APPG for Inheritance & Intergenerational Fairness published a report which recommended a ‘complete overhaul’ of IHT

At the end of last month the All-Party Parliamentary Group for Inheritance & Intergenerational fairness (APPGIIF) published a report which recommended a complete overhaul to the inheritance tax (IHT) system. It should be noted that the APPGIIF is an informal group, and whilst is contains members from both the House of Commons and House of Lords, neither House has given it formal approval.

The report is very striking, and if implemented would see a very different way of taxing wealth which is passed between persons. Their reasoning behind the recommended changes is that the current system is unfair and complex. There is no denying that IHT in its present form is a tax which greatly divides opinion, arguably more so than any other tax, amongst both the public and politicians.

To summarise some of the recommendations:

  • Abolish the 40% (and 36%) tax rate. Replace it with a 10% (and 20%) tax rate.
  • Abolish the distinction of lifetime transfers between chargeable lifetime transfers (CLTs) and potentially exempt transfers (PETs).
  • Abolish the nil-rate band (NRB) and residence nil-rate band (RNRB).
  • Abolish all current IHT exemptions and reliefs, with the exception of spouse exemption and charity exemption.
  • Introduce a £30,000 annual lifetime gift allowance. Gifts falling within the allowance would be free from tax, with any value in excess of the allowance being immediately liable to 10% tax. No ability to carry forward unused allowance to future tax years.
  • Introduce a £325,000 death gift allowance. Gifts falling within the allowance would be free from tax, with any value in excess of the allowance being immediately liable to 10% tax. For estates above £2million, set the rate at 20% instead. Allow any unused death allowance to be transferred to a surviving spouse.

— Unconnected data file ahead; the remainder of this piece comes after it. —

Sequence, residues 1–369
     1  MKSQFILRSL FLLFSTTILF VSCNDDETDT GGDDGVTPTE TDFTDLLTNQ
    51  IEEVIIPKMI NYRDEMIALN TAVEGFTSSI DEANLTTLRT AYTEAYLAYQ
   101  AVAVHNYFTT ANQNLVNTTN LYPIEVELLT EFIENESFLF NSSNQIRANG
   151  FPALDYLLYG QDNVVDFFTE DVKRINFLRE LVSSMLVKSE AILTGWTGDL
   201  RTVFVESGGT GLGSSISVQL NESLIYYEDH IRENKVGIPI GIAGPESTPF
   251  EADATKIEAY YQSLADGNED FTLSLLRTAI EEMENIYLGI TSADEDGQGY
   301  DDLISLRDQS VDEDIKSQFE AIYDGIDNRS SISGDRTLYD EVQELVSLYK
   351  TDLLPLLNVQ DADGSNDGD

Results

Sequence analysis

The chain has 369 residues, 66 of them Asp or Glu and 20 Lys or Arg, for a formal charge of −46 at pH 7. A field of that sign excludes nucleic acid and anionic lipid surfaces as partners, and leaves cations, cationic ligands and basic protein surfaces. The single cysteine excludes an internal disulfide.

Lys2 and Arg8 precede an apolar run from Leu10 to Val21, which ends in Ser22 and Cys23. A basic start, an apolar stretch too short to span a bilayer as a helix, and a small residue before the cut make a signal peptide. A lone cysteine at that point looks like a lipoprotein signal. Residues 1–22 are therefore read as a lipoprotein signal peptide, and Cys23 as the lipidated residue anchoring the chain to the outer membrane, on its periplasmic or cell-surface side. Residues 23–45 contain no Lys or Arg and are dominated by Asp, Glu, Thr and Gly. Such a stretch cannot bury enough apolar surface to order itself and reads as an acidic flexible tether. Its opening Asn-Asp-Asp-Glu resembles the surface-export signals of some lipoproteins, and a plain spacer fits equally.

• Abolish the capital gains tax (CGT) base cost uplift to probate value, in relation to assets held at death. It would still be the case that no CGT would apply on the transfer from the deceased to the beneficiary, but the beneficiary would be treating as acquiring it for the same cost as the deceased did (rather than at probate value).
  • Cease to use a person’s domicile as the determining factor in whether their worldwide estate is liable to tax, or just their UK estate. Instead, base it on a person’s period of residence (namely that their worldwide estate would be taxed if they have been UK resident for at least 10 of the previous 15 years).
  • Abolish the relevant property regime (which exists in relation to certain trusts).
  • Introduce an annual charge for discretionary trusts. Treat interest in possession trusts (regardless of when created) as forming part of the life tenant’s personal estate.

Naturally, some of these recommendations would have separate knock-on consequences. For example, by abolishing the concept of PETs and the nil-rate band, and introducing the lifetime 10% rate, it would no longer be the case that the gift with reservation of benefit (GWROB) rules would be required – rules which are often very complex and poorly understood. Similarly, the seven-year clock would cease to exist, and trusts could no longer be used in order to benefit from ‘additional’ nil-rate bands.

The APPGIIF do not bind themselves to the exact figures as stated above (eg 20% at £2million). They accept that there is room for debate and movement. Their focus is more on ensuring that a system is put in place which is better understood, and is considered to be fairer than at present.

As with the recent report by the Office of Tax Simplification (which the APPGIIF refer to in this report, generally in a favourable manner), in relation to forming (not replacing) IHT, the Government are not obliged to act on anything in this report. Therefore, at present it is simply a case of having to wait and see. Given though the wind of change which is being felt in relation to IHT, it would not be a surprise if IHT changes were to be introduced at some stage – but whether on a small scale or a large scale, we do not know.